Hydrogen-powered heavy trucks capable of driving long distances are likely to reach a tipping point toward the end of the decade, according to the heads of the world’s two biggest truck makers.
Martin Daum, chair of industry leader Daimler Truck, told the Financial Times that, while diesel trucks would dominate sales for the next three to four years, hydrogen would take off as fuel between 2027 and 2030 before going “steeply up.”
Martin Lundstedt, chief executive of Volvo Group, which has just bought into a hydrogen joint venture with Daimler, said that, after fuel-cell production started in 2025, there would be a “much steeper ramp-up” toward the end of the decade.
The Swedish truck maker is aiming for half its European sales in 2030 to be trucks powered by batteries or hydrogen fuel cells, while both groups want to be fully zero emissions by 2040.
The German and Swedish groups’ joint venture, Cellcentric, will start fuel cell production in 2025. Both truck makers will use electric batteries predominantly for smaller trucks as well as heavier vehicles based in one place that can recharge overnight.
But hydrogen is viewed as essential for the long-distance, heavy trucks that criss-cross Europe, the US, and other parts of the world delivering goods to multiple destinations and where refueling stops need to be as short as possible.
Daum, who predicted the split between hydrogen and battery sales would end up being about 50-50, said that to move “40 tonnes up a hill you need an enormous amount of energy” and that, after diesel, the most efficient fuel for such tasks, hydrogen was the best option.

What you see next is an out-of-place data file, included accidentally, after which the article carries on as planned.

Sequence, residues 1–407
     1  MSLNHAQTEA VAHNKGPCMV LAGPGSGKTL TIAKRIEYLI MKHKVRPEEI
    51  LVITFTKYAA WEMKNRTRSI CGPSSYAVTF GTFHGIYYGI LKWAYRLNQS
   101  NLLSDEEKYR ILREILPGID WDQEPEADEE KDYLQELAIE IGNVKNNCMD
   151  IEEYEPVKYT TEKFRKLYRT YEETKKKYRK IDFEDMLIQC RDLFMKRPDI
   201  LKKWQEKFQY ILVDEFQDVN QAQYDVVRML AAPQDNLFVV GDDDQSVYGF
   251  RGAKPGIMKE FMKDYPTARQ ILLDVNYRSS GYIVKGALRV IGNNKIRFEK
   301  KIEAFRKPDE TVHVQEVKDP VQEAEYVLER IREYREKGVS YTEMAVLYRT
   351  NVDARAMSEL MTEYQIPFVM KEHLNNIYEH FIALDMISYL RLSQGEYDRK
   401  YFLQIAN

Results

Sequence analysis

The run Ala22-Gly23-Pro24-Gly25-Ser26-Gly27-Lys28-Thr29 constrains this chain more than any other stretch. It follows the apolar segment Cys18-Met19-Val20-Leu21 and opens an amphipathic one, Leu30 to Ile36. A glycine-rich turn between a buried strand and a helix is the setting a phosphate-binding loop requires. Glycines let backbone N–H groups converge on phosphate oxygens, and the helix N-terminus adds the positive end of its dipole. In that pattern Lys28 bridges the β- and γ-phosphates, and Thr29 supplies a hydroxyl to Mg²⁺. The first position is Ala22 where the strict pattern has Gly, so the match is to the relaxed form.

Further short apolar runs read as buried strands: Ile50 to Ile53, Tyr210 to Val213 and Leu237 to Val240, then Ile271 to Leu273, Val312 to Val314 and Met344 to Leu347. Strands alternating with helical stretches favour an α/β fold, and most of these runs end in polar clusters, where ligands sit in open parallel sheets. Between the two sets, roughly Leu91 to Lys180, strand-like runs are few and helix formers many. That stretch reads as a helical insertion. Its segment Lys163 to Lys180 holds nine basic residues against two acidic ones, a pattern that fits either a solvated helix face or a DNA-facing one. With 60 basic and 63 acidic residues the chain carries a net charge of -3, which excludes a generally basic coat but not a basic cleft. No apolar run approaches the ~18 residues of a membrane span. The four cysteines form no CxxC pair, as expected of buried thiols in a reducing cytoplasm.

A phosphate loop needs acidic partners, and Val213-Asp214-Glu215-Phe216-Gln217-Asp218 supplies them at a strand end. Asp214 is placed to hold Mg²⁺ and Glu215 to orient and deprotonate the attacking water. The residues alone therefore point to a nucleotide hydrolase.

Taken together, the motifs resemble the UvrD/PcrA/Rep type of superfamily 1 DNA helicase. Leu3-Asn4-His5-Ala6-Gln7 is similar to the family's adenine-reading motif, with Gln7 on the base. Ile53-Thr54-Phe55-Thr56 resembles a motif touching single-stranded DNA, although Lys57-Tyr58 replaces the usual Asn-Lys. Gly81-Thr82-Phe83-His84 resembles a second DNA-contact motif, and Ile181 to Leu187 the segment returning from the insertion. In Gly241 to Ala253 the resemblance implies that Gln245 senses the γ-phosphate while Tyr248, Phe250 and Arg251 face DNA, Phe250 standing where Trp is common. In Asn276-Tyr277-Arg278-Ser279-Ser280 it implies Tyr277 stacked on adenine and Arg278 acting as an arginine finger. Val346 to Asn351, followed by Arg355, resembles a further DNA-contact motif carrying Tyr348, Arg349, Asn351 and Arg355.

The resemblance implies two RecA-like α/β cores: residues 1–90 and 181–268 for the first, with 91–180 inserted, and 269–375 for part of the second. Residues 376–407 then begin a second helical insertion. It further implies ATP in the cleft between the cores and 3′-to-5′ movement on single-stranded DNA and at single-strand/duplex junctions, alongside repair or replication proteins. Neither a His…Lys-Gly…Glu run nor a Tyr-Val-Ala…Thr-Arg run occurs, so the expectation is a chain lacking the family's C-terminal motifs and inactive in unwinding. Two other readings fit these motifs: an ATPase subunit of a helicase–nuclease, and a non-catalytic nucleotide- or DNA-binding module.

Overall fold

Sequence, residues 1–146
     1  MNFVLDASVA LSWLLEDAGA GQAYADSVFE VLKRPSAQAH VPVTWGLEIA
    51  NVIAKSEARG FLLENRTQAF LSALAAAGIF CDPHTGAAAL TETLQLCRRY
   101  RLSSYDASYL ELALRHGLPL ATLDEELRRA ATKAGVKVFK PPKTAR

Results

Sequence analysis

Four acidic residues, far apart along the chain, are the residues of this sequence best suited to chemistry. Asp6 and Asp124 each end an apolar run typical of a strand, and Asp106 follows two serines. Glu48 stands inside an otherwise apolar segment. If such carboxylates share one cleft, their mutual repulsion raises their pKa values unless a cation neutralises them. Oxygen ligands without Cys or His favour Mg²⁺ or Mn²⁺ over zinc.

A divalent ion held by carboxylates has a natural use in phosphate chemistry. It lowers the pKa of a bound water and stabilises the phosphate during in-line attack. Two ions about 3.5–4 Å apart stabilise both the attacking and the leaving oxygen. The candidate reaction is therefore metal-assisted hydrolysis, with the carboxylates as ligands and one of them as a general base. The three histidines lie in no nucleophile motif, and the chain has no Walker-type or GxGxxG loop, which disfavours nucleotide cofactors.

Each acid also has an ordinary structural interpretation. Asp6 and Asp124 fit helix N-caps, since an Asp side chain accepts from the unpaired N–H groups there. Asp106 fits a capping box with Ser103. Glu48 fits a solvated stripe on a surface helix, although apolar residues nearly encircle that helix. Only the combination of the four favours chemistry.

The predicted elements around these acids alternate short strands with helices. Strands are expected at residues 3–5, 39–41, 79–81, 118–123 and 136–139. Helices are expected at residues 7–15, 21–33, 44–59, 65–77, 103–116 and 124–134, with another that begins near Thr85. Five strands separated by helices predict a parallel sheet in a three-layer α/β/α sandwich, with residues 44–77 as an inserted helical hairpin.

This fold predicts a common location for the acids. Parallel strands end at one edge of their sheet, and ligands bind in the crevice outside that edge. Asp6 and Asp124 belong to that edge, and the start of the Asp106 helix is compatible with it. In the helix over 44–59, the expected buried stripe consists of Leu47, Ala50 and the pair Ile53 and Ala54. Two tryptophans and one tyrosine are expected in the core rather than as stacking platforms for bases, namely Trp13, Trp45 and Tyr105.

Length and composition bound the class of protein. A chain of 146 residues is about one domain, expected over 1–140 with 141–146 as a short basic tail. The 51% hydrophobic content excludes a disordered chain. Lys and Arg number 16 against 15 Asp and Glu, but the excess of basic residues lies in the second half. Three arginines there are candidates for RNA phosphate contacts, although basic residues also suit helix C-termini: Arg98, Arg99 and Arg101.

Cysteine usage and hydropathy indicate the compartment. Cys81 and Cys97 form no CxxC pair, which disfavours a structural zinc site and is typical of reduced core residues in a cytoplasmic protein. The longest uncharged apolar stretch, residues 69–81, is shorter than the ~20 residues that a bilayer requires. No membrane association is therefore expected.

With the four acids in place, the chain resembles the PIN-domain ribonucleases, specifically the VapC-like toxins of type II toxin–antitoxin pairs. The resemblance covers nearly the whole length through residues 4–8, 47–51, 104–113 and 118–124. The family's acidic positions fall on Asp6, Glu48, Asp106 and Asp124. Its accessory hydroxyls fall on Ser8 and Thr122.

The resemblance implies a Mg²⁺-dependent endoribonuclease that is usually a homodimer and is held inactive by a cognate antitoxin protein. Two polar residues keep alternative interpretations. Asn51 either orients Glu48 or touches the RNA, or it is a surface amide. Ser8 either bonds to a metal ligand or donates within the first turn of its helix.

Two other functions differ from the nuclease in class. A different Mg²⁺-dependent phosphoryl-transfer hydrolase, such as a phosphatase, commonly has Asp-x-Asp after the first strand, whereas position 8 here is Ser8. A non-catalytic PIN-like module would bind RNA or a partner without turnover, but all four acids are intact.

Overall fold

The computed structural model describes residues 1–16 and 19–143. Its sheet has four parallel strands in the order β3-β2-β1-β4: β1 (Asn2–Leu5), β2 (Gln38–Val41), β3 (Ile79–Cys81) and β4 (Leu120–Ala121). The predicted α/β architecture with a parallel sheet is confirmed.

“Fuel cells and hydrogen will play a super-important role,” Lundstedt added.
Both men urged governments not just to ensure that the necessary fuel infrastructure would be in place for hydrogen but also to provide sufficient incentives for transport companies to shift to greener trucks.
About 300 high-performance hydrogen refueling points would be needed in Europe by 2025 and 1,000 by 2030, the companies said.
Of the need to build the infrastructure at the same time as the trucks, Lundstedt said: “It can be seen as a chicken and egg. But we have said we will go for it. We will deliver the chicken. Someone else can deliver the egg.”
Conceding that hydrogen and battery-powered trucks would remain more expensive than those powered by diesel “at least for the next 15 years,” Daum noted that customers typically spent three to four times more on fuel over a truck’s lifespan than on the vehicle itself.
He added that early adopters—who would otherwise have to “pay a penalty” with high prices—could be helped by government support through the EU’s Green Deal or other incentives. But he said that, by the tipping point in 2027, a proper price for CO2 would be better as there would be too many trucks for subsidies.
Lundstedt stressed the truckmakers’ commitment was also important in terms of helping develop green hydrogen, made using renewable energy rather than natural gas as is common now, as other heavy industries such as shipping and steel consider the fuel. “This joint venture is a clear stick in the ground” from the truckmakers, he said.